July Brings New FTA with Taiwan

A free trade agreement between Taiwan and Honduras, one of the ROC’s 23 diplomatic allies, came into effect July 15. Ambassador to Honduras Lai Chien-chung and Honduran Foreign Minister Angel Edmundo Orellana Mercado ratified the pact at the presidential office in Tegucigalpa, the capital of the Central American country.

Benefiting immediately from the FTA were 3,881 items exported from Taiwan, a figure that represents 61.9 percent of all exports to Honduras, most of which are industrial products. In return, Taiwan waived custom duties for 6,135 imported items, representing 69.4 percent of imports from its diplomatic ally, the Bureau of Foreign Trade under the Ministry of Economic Affairs stated.

Moreover, starting from 2017 the ROC will not place import duties on 93 percent of Honduran goods exported to Taiwan, and the Central American state will allow 70.3 percent of merchandise from Taiwan to enter its market without charging any tariffs, the bureau added.

According to statistics released by the ROC Ministry of Finance’s Directorate General of Customs, bilateral trade between Taiwan and Honduras in 2007 was valued at US$66 million. Currently, Taiwan enjoys a US$20 million trade surplus with the Latin American nation.

“Signing an FTA with a country that has diplomatic ties with Taiwan will help improve relations and boost trade,” BOFT Deputy Director Hsu Chun-fang said July 21.

The deputy director cited the example of the Taiwan-Panama trade pact that took effect Jan. 1, 2004 to support her argument. According to data compiled by the Directorate General of Customs, the value of trade between Taiwan and Panama increased by 104 percent from US$128 million in 2003 to US$259 million in 2007.

The new FTA will ease the passage of Honduran goods into the Asia-Pacific region and increase the flow of Taiwanese merchandise into Latin America, Hsu said. “In addition, with this agreement, there will be many opportunities for Taiwan and Honduras to jointly develop the North American market,” she added.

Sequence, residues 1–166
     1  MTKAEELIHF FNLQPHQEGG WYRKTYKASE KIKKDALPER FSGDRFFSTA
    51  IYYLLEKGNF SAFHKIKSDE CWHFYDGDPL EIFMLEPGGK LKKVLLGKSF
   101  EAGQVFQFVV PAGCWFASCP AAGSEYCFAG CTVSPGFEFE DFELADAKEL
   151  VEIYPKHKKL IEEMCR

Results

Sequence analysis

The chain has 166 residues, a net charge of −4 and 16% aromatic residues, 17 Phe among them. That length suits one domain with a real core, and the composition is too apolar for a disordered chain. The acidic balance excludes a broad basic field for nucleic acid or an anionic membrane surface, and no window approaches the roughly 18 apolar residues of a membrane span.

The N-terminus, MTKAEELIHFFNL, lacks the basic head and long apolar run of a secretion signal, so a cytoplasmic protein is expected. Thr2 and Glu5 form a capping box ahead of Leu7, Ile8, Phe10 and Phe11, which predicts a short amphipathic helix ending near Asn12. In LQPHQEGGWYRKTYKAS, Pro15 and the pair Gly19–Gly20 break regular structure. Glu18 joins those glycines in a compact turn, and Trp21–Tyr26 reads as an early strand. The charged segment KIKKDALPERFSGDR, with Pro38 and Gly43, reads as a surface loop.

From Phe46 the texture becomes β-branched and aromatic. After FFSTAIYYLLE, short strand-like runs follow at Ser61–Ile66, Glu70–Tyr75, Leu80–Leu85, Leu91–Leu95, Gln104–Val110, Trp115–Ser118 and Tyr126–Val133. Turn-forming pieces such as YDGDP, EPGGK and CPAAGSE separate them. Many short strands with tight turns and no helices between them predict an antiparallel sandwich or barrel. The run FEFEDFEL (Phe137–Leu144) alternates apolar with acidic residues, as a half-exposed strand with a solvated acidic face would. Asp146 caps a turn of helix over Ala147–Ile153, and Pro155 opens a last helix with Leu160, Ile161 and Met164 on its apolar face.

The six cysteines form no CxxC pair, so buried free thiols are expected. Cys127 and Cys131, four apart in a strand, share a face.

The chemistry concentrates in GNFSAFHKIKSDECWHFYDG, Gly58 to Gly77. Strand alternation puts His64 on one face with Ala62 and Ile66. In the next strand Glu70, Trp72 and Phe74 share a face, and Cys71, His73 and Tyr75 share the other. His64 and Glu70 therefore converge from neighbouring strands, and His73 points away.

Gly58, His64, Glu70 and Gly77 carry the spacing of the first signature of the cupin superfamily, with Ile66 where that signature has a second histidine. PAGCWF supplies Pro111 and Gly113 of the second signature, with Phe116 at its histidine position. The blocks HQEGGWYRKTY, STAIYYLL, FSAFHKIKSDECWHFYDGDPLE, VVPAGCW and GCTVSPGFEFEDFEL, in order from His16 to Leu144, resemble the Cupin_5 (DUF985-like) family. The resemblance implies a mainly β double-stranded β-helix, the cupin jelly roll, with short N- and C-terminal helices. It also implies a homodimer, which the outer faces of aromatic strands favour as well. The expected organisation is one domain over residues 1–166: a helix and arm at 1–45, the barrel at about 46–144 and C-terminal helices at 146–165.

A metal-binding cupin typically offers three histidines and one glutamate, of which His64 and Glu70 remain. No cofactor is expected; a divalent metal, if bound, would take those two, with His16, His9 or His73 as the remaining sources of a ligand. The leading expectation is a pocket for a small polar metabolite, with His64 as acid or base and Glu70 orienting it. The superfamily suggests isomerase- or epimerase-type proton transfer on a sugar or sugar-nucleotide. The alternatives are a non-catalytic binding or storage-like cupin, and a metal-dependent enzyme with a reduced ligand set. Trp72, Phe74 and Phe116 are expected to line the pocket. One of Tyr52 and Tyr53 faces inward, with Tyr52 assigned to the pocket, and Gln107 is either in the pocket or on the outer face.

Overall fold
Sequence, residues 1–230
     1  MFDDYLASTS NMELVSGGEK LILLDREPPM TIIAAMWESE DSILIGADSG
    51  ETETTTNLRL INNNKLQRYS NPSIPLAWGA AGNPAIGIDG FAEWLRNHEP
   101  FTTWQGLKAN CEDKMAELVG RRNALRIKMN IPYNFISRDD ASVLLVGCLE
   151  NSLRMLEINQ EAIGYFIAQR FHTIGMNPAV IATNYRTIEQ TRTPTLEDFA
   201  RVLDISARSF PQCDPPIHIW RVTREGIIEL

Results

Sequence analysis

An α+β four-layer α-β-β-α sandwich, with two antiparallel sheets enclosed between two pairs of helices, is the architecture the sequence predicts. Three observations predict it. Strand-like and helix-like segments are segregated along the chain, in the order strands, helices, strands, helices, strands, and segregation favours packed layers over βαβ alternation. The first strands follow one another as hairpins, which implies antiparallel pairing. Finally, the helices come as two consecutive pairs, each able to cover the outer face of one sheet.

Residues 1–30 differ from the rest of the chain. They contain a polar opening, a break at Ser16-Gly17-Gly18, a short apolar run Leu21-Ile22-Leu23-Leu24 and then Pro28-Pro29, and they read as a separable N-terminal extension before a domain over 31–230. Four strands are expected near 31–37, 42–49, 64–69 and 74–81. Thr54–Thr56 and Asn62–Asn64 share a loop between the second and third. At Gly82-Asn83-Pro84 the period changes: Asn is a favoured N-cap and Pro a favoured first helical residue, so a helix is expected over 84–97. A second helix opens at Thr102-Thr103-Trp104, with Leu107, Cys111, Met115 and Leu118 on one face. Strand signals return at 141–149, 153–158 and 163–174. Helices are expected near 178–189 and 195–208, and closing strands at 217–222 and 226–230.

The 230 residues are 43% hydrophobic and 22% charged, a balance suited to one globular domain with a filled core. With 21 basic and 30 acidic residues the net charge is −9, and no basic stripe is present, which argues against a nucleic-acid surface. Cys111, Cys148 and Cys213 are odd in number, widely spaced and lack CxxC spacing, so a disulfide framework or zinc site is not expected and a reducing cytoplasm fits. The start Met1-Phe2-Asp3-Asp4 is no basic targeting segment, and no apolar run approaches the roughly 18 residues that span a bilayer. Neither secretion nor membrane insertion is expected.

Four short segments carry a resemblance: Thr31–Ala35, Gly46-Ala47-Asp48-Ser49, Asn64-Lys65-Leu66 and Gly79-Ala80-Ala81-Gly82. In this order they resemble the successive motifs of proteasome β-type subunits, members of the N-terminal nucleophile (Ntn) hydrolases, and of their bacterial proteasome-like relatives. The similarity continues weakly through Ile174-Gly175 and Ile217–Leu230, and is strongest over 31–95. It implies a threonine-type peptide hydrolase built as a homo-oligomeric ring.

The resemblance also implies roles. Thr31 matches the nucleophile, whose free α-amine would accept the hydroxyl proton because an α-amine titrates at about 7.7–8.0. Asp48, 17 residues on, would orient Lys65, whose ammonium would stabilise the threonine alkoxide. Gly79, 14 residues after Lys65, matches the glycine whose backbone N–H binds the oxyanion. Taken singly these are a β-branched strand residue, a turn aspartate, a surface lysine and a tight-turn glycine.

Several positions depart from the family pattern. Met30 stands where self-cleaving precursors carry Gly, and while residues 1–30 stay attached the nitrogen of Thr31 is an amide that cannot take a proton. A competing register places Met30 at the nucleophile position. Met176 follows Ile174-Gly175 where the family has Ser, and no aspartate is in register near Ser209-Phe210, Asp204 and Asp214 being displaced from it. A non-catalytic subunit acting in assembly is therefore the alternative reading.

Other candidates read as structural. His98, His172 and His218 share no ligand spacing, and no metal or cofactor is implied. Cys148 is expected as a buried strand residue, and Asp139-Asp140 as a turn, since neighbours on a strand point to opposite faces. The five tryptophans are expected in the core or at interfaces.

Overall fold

Although the FTA between Taiwan and Honduras only took effect this month, it was part of an agreement that includes El Salvador and was first signed May 7, 2007. The trilateral FTA was sealed in San Salvador, the capital of El Salvador, after four rounds of negotiations that took place the year before. The FTA between Taiwan and El Salvador came into effect in March this year, after representatives from the two countries ratified the agreement in February.

Under the terms of the deal, 3,590 items, or 57.1 percent of all goods exported from Taiwan to El Salvador are tariff-free. In return, Taiwan abolished customs duties on 5,688 items, or 64.4 percent of all merchandise imported from El Salvador.

The Central American nation will also enjoy tariff-free privileges on sugar exports of up to 35,000 tons for the first year, ROC Ambassador to El Salvador Carlos Liao said in March. The amount of sugar exported duty-free is expected to increase to 50,000 tons in the second year and 60,000 tons in the third year. “Taiwan used to import sugar from El Salvador indirectly, but now we can do so directly,” Liao said.

The FTAs between Taiwan and its two diplomatic allies in Central America are expected to help create opportunities for increased exports of industrial products and enhance bilateral economic and trade relations, the ROC Ministry of Foreign Affairs stated.

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